The Kingsville Main Street Advisory Board is seeking sponsorship donations for an upcoming, and ongoing, community art project that will install several sculptures in Downtown Kingsville on an annual rotating basis.
“We’re hoping to have seven sculptures, but it depends on how much more we can bring in,” Downtown Manager Cynthia Martin said. “We still need about $5,000 to get up to that number.”
Beginning in late November, the art sculptures will be on display for 12 months in a variety of locations in the historic downtown area on or around E. Kleberg Avenue, from the Downtown Pavilion to Kleberg Bank to the K.A. Childs Building across from HEB.
“So the art will be on display in a very public space,” Martin said. “And it will bring people downtown.”
The project started as an idea from Todd Lucas, a Main Street Advisory board member and chair for Texas A&M University-Kingsville’s art department.
“(The board) wanted to do something with art downtown, and I have a family member and another friend who are artists and have been entering these (types of) public art competitions,” Lucas said. “So that’s how it started.”
Lucas said the board then came up with a “very modest budget” of about $12,000 to fund the project.
“And currently, we’ve raised about $7,000 of that,” he said. “So we’re still trying to raise money to finish it up, but we’ve gone live on call for entries for artists.”
Martin said the funds will be used to construct pedestals for the seven selected art sculptures, along with a $1,000 honorarium for the artist of each selected work. TAMUK professors and local artists Jimmy Snowden and Fulden Wissinger will serve as jurors for the project.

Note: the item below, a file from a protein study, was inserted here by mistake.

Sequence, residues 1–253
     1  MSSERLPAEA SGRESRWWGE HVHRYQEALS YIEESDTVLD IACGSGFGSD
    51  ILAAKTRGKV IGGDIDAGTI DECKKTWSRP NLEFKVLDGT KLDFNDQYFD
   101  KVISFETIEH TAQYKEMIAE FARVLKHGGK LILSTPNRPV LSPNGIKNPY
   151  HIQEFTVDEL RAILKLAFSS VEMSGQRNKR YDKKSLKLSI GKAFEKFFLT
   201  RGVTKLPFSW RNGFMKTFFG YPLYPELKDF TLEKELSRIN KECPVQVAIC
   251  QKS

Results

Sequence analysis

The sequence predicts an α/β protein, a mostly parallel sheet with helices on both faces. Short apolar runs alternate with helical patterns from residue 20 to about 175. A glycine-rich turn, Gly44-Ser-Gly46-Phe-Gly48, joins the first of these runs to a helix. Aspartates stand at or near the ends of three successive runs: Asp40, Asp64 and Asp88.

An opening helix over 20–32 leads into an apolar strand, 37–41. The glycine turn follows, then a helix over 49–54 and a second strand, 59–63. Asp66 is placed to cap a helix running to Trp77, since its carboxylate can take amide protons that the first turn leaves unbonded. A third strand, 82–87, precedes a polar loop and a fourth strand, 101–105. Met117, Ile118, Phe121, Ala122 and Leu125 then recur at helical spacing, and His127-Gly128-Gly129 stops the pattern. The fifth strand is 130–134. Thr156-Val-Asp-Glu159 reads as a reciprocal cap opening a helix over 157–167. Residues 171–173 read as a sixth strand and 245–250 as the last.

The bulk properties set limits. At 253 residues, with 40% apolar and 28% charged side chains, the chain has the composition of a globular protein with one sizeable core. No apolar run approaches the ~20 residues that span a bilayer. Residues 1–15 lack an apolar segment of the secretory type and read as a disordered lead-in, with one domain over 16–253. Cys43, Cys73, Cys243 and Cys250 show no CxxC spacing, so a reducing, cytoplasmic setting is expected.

“That $1,000 would help them to move (the artwork) and get it all here,” Lucas said. “Because of the size of these large sculptures, it’ll cost money.”
Martin said another advantage for the artist is that the sculptures on display will be for sale, with 20 percent of the sale price going back into the Kingsville Main Street art project to help fund future exhibits.
Lucas said many towns have similar downtown art projects, which he said will help beautify Downtown Kingsville as well as help drive tourism to the area.
“And then next year, we get to change it,” he said. “And then the following year, we get to change it. So we can actually have a rotating downtown art exhibit that will enhance our downtown environment for our citizens to enjoy, and it also helps with tourism because now there’s this long-term exhibit going on.”
“We see this as a sustainable, ongoing program,” Martin said. “We want people to come back every year and see what we’ve got on display.”
To raise funds for the project, sponsorships are available ranging from $500 to $2,000 and include, depending on the level of sponsorship, the sponsor’s logo in the show’s brochure and marketing materials, recognition at the opening reception, a discount on purchasing the sculpture and the sponsor’s name affixed to the sculpture’s pedestal.
“But we will take any donation amount,” Martin said. “And again, that money stays with the program.”
An opening reception and unveiling of the art sculptures is scheduled to be held on Nov. 22 during the start of this year’s Ranch Hand Weekend festivities.
To submit a sculpture for consideration in the project, visit artist.callforentry.org/festivals.unique.info.php?ID=7076. The entry deadline is Oct. 20.
For more information or to make a donation, contact Cynthia Martin at firstname.lastname@example.org or (361) 219-9325.
Anthony Ruiz can be contacted at email@example.com or (361) 221-0251.